Custom is, by definition, a public practise that is seen acceptable in society, and more specifically a certain class. To defy custom is to differ from what is widely accepted and is consequently considered alien and wrong. The appearance of custom thus reconciles Fantomina to a respectability that allows her private , sexual pursuit without losing honour or reputation. Public appearance is only important because Fantoming’s origins, assumed to be aristocracy; her licentious behaviour would be more widely accepted in the lower class, where prostitutes would reside. Customary public face’ is not only specific to time and location, but social class.
Fantomina can only defy the traditional behaviour of her social sphere, assumed to be aristocracy, through the masquerade. Social class is, within this novel, constructed fundamentally on who you are not how you act. Only partial descent to a lower social class is actually achieved, as the masquerade changes the top ‘performing’ layer of Identity but not the core of the being. The initial masquerade is emphasised through the theatrical setting: ‘She had no sooner designed this Frolic than she put it in Execution!
Pantominas actions are constantly named as a ‘frolic’, ‘game’ and ‘play’, presenting a juxtaposition between the genuine feelings she exhibits for Beauplaisir, and the artifical nature of the front she presents. Perhaps the only way for society to be seen as even partially matriarchal is through a ‘design’ of the imagination: a society governed by patriarchy would never produce this role for a woman from the foundations set by men. It must be imagined by a woman, but men’s minds are limited by power. The masquerade in execution is also a necessity. Whilst men could begin to cross social boundaries, such as those who descend to the ‘Pit but remain upper class, women were restricted to polite areas, such as the stalls the protagonist is first encountered in. Pretence is therefore the only way for Fantomina to continue her escapades without the novel descending to a tale of social damnation. Furthermore, this ‘execution’ seems extremely clinical; each identity Fantomina inhabits is specific and well-thought. It remains almost as if she delivers each performance with the expectation of it coming abruptly to a close, only to execute the next. She perhaps appears as a well-versed actress through social expectations of male desire, and matches her short-lived performances with inevitable male boredom.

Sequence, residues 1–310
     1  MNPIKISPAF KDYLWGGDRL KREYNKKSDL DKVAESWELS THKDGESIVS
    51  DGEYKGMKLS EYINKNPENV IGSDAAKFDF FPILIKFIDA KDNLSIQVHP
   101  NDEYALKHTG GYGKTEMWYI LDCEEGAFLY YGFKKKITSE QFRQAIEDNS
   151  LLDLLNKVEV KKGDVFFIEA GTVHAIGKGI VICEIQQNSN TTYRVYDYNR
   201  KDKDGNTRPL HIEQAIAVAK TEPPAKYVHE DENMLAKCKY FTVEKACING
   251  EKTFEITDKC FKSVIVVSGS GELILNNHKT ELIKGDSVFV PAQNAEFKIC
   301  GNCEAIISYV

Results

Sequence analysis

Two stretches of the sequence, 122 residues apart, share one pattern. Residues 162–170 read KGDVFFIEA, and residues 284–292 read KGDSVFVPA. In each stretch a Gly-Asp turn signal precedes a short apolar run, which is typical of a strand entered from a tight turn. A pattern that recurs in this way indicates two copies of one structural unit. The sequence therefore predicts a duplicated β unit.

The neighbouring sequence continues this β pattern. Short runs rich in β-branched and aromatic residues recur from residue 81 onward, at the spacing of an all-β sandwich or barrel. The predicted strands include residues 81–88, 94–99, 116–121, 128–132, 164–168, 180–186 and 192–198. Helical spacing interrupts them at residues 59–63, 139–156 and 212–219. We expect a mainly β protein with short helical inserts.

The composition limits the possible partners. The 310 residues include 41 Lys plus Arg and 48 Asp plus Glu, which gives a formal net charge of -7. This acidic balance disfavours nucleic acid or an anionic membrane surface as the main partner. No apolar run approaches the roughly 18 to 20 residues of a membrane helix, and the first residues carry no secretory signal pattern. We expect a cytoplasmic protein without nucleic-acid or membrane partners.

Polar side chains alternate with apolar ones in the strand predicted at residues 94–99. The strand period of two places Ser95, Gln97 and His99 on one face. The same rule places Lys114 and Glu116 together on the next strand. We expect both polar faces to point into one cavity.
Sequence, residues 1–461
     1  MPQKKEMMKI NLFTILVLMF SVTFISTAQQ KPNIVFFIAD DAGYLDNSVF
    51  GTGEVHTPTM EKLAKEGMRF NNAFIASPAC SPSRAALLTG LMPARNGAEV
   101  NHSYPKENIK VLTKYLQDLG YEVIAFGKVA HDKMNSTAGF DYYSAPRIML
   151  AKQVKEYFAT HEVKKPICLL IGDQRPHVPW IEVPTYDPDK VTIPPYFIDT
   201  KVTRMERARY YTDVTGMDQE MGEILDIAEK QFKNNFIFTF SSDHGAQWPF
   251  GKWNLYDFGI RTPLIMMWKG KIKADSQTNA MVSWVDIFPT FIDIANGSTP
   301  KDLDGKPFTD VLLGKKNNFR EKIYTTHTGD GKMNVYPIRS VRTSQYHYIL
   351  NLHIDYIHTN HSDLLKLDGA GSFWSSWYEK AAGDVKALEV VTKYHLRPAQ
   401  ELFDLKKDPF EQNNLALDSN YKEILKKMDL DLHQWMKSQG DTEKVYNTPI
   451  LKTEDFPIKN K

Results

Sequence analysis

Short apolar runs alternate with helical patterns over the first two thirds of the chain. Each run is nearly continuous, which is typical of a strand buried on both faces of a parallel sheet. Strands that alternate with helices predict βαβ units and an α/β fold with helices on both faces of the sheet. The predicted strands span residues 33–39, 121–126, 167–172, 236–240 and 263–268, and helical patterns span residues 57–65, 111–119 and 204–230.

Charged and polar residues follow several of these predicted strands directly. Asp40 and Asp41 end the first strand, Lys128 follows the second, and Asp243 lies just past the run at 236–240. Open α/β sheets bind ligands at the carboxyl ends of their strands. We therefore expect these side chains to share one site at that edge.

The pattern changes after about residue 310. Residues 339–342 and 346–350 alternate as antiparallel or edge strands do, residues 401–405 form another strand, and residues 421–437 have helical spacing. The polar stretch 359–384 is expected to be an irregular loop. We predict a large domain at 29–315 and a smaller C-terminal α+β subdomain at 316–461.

Reality is mimicked by a masquerade, it is an imitation of actual life. Yet even in its lack of originality, the performance reveals truth about reality. In assuming four different identities Fantomina, Celia, the Widow and Incognita -the protagonist reveals Beauplaisir as a rake, information only achievable through the masquerade. Even though the masquerade is not true, it almost becomes reality for Fantomina. She refuses to reveal her real name, even to the reader, and therefore remains constantly in disguise. She performs to an unknowing audience, never leaving her name on the credits.
Reality cannot be considered a single concept, it must also be considered as specifically based on an individual’s perception, Reality as a generalised notion is universal and based upon social expectation and long-held customs. A different reality is specific to the person, based on how they perceive the world, with expectations originating only from their internal moral compass. Therefore, whilst custom in a generalised reality is an idea ‘widely accepted, this can alter depending on what each person accepts.
Ideologically, Fantomina can continue her ‘whimsical adventures’ for as long as she desires, as they belong to her imagination. Only when she attempts to include another person in her version of reality, specifically a stock character that will act according to basic expectation, is she dragged back to a universal reality where one must accept responsibility of consequence. This occurs through childbirth, yet not the pregnancy itself . As long as the change in her body is stationary and able to disguise, the game can continue despite the physical deformity. It becomes biologically necessary for the protagonist to reconcile with reality, satirising the achievement as this ‘whimsical adventure’; for a woman to act outside her class will always be a short-lived fantasy as nature prevents them from ever fully assuming a different identity.